An Arizona Republican lawmaker is calling for the Defense Department to reconsider its coronavirus accessions policy, days after the Pentagon issued new guidance narrowing its ban on bringing COVID-19 survivors into the military to those who had been hospitalized for the disease.

Rep. Andy Biggs warned of the unintended consequences of the ban in a Monday letter to Defense Secretary Mark Esper.

“If an individual can pass the Military Entrance Processing Station screening process ― despite a hospitalization for coronavirus ― they should be allowed to serve,” Biggs wrote. “I agree that more research is needed to study the long-term effects of coronavirus on the human body. However, I do not think that the lack of research available warrants permanently disqualifying patriotic Americans from serving in the military.”

An undated MEPS memo obtained posted to Twitter last week specified that a COVID-19 diagnosis would “permanently disqualify” a recruit from processing, though days later, MEPS updated that guidance to only include those who had been hospitalized after a diagnosis.

A Pentagon spokesman declined to comment on Biggs’ letter.

Uncertainty about the long-term affects of the virus ― including respiratory or other systemic damage and susceptibility to re-infection ― has called into question whether contracting the virus could result in health issues down the road.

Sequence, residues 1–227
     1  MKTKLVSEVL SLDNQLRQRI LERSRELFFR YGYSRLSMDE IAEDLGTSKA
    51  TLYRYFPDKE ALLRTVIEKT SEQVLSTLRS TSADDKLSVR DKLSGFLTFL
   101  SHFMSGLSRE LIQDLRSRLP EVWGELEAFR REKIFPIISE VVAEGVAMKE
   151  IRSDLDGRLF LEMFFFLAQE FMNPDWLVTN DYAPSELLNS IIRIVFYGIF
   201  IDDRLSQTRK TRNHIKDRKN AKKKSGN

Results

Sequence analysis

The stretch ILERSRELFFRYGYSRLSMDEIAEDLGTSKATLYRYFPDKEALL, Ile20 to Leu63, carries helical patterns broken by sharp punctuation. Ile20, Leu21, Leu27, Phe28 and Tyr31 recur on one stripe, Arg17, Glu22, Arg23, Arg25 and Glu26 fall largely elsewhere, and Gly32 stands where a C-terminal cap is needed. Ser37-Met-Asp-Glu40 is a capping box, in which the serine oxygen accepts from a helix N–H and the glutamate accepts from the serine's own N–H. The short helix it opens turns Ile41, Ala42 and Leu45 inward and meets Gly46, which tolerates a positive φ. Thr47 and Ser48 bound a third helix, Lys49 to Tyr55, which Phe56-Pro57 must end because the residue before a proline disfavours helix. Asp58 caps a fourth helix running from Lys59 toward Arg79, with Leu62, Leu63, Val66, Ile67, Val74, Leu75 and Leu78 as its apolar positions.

At the same time, the Pentagon has been working to test every new trainee for the virus, with an eye toward manning and readiness consequences if the accessions process is considerably slowed down during the pandemic.

To that end, Biggs expressed concern that barring any COVID-19 survivors would be a waste of willingness to serve.

“For many across our country, the American-led coronavirus response has instilled a sense of patriotism and devotion to duty,” he said. “We must honor that unique commitment ... We must not let the Chinese Communist Party’s irresponsibility to control this virus infringe on our fellow Americans’ honorable desire to serve our country.”

Meghann Myers is the Pentagon bureau chief at Military Times. She covers operations, policy, personnel, leadership and other issues affecting service members.

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